Cemetery Ink: Poems (Pitt Poetry Series)
“Cemetery Ink takes you on a poetic journey to various places, such as psychiatric hospitals, haunted islands, goat pastures, streets teeming with homeless women, and invites you to reflect on oil paintings, cemeteries, and the history of massacres.”
Professor Mihaela Moscaliuc, born and raised in Romania, teaches English at Monmouth University, New Jersey. She has also translated the poetry of Romanian poets into English. Cemetery Ink is a book of English poems drawn from binational sensibilities, some poetry ingrained in Romania, some in the United States, some in both countries.
Several poems invoke the images and events of Iasi, the intellectual pivot of Romania, a city with a substantial Jewish population before the two World Wars but no longer so. “From the rented window” explores the town’s history and finds “this black Sunday” in June 1941 when “Over 13,260 Jews “were murdered. “Among the perpetrators: students, factory workers, craftsmen, veterans, neighbors.” The poem begins with “Across the street, the man urinating against the bus stop fence/shakes it like there’s no tomorrow” and ends with “Across the street, 16th-century Golia Monastery, town’s darling, /basks in stadium floodlights.” The poem confronts the readers to tie the poem’s internals with its ends.
Other poems draw attention to the helplessness of Iasi women. “There are so many (homeless women), shouting at no one, disputing/ accusations. . . . They pose no threat.” There is “the woman who’s claimed the back row” in a tram in Iasi. “This next stop/would have been mine, / but I’m not ready to leave/or stay.” The woman is stoic as she does not react, “When tram doors lag open too long/and silence escorts the gusty chill.” There are women in the Iasi psychiatric hospital. Mara: “I couldn’t carry the simple task of retracing/my face from memory.” Leti: “After I died at stillbirth/I stabbed a man.”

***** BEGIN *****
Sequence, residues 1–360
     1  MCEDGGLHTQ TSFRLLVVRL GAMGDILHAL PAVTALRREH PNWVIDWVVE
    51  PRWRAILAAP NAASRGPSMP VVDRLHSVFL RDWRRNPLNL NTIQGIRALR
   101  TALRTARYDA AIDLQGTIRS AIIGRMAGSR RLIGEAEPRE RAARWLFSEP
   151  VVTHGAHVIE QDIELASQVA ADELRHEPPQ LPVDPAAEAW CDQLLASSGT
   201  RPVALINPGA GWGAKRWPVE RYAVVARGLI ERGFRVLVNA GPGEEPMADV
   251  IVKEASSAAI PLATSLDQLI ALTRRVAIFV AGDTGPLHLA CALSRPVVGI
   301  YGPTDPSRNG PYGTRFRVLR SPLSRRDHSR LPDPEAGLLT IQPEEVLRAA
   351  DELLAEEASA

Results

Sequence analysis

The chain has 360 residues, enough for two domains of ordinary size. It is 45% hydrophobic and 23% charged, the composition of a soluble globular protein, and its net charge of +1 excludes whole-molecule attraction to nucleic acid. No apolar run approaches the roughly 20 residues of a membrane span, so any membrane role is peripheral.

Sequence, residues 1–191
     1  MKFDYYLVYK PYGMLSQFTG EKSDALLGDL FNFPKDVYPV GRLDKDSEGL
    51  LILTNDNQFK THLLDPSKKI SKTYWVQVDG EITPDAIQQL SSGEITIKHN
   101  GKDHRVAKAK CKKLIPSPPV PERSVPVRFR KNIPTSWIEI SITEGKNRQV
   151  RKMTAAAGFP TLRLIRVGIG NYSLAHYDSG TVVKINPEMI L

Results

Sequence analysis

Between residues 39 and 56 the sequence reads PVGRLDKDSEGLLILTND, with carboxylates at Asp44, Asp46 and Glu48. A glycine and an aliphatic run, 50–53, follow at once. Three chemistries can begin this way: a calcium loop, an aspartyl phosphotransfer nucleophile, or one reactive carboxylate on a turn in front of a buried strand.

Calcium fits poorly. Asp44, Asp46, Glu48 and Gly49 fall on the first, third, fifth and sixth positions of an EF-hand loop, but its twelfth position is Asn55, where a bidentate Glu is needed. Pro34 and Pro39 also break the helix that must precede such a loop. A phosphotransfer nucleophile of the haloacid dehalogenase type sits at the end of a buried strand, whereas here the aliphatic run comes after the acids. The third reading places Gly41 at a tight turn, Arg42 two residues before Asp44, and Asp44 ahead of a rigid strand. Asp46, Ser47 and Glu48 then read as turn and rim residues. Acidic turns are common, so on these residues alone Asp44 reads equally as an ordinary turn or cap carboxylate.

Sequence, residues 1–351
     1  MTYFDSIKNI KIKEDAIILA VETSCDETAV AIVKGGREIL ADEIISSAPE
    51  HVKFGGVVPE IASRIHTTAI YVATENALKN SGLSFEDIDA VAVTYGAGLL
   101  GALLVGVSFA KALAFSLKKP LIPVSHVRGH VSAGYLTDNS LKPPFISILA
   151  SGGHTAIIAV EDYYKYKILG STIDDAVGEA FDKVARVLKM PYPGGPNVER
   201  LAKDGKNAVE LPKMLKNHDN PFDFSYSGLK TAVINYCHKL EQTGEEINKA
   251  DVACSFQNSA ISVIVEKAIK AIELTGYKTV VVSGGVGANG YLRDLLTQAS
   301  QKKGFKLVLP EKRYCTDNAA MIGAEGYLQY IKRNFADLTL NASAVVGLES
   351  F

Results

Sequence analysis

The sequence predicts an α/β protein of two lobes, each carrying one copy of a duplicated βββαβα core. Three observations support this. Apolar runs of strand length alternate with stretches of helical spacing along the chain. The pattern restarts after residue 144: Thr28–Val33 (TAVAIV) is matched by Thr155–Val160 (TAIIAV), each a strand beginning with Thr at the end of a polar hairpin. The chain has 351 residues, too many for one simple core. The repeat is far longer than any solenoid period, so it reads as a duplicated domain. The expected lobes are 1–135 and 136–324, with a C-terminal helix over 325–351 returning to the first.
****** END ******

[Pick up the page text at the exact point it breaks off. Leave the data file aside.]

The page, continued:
Moscaliuc turns to goats to connect Romania with California, alienage with assimilation. Goats and goat milk distinguish Romania as a European country. However, the treatment of goats in other nations is brutal. “Goatscape” highlights the murder of goats in the Dominican Republic “machine-gunned/ from helicopters, sterilized, collared for tracking.” “Assimilation—The Lamancha goat” portrays the importation of the Murcian goat, “Roman-nosed and docile by all accounts” into America. “Mrs. Eula Fay Frey,” who bred the first Lamancha goats in 1927, “saw much value in” the goat’s lack of mischief. Lamancha represents the assimilation of aliens into the “American mainstream.” Despite assimilation, the Lamancha goat “was still not spared charges of inferiority:/ those ears—alien, elfish—and those teats too.” The foreigner turns domestic, but with ridicule.
“Culpable metaphors: On Henri Rousseau’s La Bohemienne Endormie, or Sleeping Gypsy” is an Ekphrastic poem. Rousseau’s oil painting depicts a dark-skinned woman, a mandolin player, sleeping on desert dunes while a lion is standing by with no gestures to attack her. “After he rhymes the lion’s eye with the moon, / the wanderer’s face with the black eye of the lute, / the artist steps outside, by the water jug, / to watch the moonlight effect complete his creation.” Thus, the poem captures the painting’s observational essentials before roaming away into motley associations, thoughts, and emotions—the methodology of Ekphrastic poetry.